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East Harling

Coordinates: 52°26′24″N 0°55′51″E / 52.44011°N 0.93076°E / 52.44011; 0.93076
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East Harling
The Church of St Peter and St Paul
East Harling is located in Norfolk
East Harling
East Harling
Location within Norfolk
OS grid referenceTL 993 865
Civil parish
Shire county
Sovereign stateUnited Kingdom
Post townNORWICH
Postcode districtNR16
Dialling code01953
AmbulanceEast of England
UK Parliament
List of places
52°26′24″N 0°55′51″E / 52.44011°N 0.93076°E / 52.44011; 0.93076

East Harling is a village in the civil parish of Harling, in the Breckland district, in the county of Norfolk, England. It is the principal settlement in the parish of Harling, and is located 13 kilometres (8.1 mi) east of Thetford and 40 kilometres (25 mi) south-west of the city of Norwich[1] on the banks of the River Thet.


East Harling's name is of Anglo-Saxon origin and derives from the Old English for the eastern part of the settlement of 'Herela's' people.[2]

From 1808 to 1814, East Harling hosted a station in the shutter telegraph chain connecting the Admiralty in London to the fleet in Great Yarmouth.[3]

In 1931 the civil parish had a population of 900.[4] On 1 April 1935 the parish was abolished and merged with West Harling to form "Harling".[5]


East Harling falls within the constituency of South West Norfolk, represented at Parliament by Liz Truss of the Conservative Party. For the purposes of local government, the parish falls within the district of Breckland.

Church of St Peter and St Paul[edit]

East Harling's parish church is dedicated to Saint Peter and Saint Paul and was built in its current glory on the site of an earlier church during the 15th century from the fortune of Anne Harling, an orphan of the Hundred Years War. The church is Grade I listed and has a magnificent hammerbeam roof which rises to a height of 45 feet above the floor. The building contains many other medieval survivals such as the panels of the chancel screen, an older screen surrounding the Lady Chapel with intricate carvings in its spandrels, choir stalls in the chancel, remains of a mural and the octagonal font. There are also a number of interesting tombs. The most noteworthy feature of the church, however, is the magnificent east window which was donated to the church by Lady Anne Herling and her second husband, Sir Robert Wingfield, in around 1460. The glass was removed and hidden in the since demolished East Harling Hall, for fear of destruction by Puritan iconoclasts. The glass was restored in 1736 under the direction of Thomas Wright and has stood in its current position since, excepting during the Second World War.[6]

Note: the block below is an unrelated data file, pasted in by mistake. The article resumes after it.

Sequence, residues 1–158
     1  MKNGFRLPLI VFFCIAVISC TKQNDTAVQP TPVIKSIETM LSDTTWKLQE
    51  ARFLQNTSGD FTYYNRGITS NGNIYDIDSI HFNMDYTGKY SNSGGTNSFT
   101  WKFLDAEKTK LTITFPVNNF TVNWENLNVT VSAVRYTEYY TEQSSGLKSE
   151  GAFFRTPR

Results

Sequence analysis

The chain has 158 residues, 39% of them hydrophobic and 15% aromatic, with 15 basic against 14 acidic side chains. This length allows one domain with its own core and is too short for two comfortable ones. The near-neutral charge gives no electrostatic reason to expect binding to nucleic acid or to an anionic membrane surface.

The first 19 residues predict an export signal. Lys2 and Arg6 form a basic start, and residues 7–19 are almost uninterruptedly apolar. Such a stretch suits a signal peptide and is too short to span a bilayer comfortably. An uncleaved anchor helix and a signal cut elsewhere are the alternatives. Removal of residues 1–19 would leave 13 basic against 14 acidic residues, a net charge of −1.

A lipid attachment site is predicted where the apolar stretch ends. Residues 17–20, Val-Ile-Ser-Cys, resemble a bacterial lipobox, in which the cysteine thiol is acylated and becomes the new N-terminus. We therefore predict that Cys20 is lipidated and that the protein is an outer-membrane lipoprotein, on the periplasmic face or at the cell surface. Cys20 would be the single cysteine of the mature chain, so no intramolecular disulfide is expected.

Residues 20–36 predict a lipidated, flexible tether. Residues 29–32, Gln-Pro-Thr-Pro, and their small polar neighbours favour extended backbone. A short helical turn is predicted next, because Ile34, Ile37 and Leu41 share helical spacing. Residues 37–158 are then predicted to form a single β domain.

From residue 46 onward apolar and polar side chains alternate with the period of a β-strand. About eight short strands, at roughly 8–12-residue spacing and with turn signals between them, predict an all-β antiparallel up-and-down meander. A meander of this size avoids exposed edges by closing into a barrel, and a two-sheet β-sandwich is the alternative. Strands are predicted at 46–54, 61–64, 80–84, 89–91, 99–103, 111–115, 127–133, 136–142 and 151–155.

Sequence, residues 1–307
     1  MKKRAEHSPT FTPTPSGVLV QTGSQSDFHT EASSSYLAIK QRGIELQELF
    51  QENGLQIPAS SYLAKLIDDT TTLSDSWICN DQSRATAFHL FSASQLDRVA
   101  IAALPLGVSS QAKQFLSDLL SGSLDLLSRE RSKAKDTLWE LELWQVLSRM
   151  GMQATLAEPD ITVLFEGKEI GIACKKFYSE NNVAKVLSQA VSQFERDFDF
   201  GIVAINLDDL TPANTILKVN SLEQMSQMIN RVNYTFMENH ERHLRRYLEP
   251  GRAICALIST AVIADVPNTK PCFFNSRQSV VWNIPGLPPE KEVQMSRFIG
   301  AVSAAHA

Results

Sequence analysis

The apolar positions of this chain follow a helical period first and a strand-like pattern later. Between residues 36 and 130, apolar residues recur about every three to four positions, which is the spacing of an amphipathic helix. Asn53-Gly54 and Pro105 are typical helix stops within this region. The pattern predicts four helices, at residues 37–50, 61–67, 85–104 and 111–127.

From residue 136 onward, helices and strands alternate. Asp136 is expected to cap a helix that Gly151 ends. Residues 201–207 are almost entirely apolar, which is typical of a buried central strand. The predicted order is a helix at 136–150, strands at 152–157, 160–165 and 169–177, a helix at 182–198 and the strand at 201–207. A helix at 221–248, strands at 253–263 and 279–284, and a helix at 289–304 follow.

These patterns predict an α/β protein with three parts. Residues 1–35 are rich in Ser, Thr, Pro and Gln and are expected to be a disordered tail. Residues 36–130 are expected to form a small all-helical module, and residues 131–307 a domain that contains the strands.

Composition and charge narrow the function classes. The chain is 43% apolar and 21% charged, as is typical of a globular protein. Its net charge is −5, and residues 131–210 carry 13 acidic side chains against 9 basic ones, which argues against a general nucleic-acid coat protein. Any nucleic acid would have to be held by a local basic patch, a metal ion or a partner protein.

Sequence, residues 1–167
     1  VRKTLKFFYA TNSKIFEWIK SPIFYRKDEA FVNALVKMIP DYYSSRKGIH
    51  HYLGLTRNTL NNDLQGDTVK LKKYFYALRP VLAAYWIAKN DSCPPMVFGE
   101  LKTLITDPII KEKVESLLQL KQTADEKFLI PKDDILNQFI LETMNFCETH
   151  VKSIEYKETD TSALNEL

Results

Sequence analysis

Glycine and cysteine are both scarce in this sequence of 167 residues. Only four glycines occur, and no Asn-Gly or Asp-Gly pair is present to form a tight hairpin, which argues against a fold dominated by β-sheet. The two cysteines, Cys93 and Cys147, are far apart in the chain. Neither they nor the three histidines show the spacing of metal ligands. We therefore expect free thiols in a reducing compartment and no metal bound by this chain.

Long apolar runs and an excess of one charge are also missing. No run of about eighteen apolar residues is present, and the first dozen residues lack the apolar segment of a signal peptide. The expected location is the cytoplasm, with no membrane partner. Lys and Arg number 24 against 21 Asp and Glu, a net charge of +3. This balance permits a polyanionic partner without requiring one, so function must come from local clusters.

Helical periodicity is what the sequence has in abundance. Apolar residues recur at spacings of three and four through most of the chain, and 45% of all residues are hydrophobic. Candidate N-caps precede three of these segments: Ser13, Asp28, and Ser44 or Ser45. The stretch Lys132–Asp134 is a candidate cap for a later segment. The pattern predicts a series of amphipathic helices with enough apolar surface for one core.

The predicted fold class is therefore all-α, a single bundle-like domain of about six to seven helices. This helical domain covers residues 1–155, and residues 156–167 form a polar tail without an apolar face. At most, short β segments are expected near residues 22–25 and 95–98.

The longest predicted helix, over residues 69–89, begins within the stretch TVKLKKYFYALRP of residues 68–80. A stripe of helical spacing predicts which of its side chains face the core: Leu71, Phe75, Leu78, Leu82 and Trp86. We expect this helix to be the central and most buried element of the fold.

Harling Road railway station opened in 1845 as a stop on the Norwich & Brandon Railway, the station remains open to this day on the Breckland Line between Cambridge and Norwich.

War memorial[edit]

East Harling's war memorial takes the form of a stone obelisk featuring a sword of sacrifice upon a Celtic cross at the junction between Cheese Hill, Market Street and White Hart Street. The memorial lists the following names for the First World War:

And, the following for the Second World War:

  • Sub-Lieutenant Barry P. Grigson (1920–1940), 825 Naval Air Squadron
  • Sergeant Cyril W. Kerridge (1913–1941), Royal Air Force
  • Aircraftman-Second-Class Kenneth E. Frost (1922–1944), No. 2795 Squadron, RAF Regiment
  • Corporal William G. Osborne (d.1944), 4th Battalion, Royal Norfolk Regiment
  • Gunner Derek J. Bloomfield (1921–1944), 71st (Heavy) Anti-Aircraft Regiment, Royal Artillery
  • Private Harold A. Walker (1908–1939), 4th Battalion, Royal Norfolk Regiment
  • R. C. Barnard
  • J. Cross
  • C. W. Hall
  • W. F. Lake
  • J. Shingfield
  • E. C. Wix


  1. ^ Ordnance Survey (1999). OS Explorer Map 230 - Diss & Harleston. ISBN 0-319-21862-7.
  2. ^ University of Nottingham. (2022). Retrieved December 26, 2022. http://kepn.nottingham.ac.uk/map/place/Norfolk/East%20Harling
  3. ^ Wilson, Geoffrey (1976). The Old Telegraphs. London: Phillimore. p. 29. ISBN 0 900592 79 6.
  4. ^ "Population statistics East Harling CP/AP through time". A Vision of Britain through Time. Retrieved 18 December 2023.
  5. ^ "Relationships and changes East Harling CP/AP through time". A Vision of Britain through Time. Retrieved 18 December 2023.
  6. ^ Knott, S. (2022). Retrieved December 26, 2022. http://www.norfolkchurches.co.uk/eastharling/eastharling.htm

External links[edit]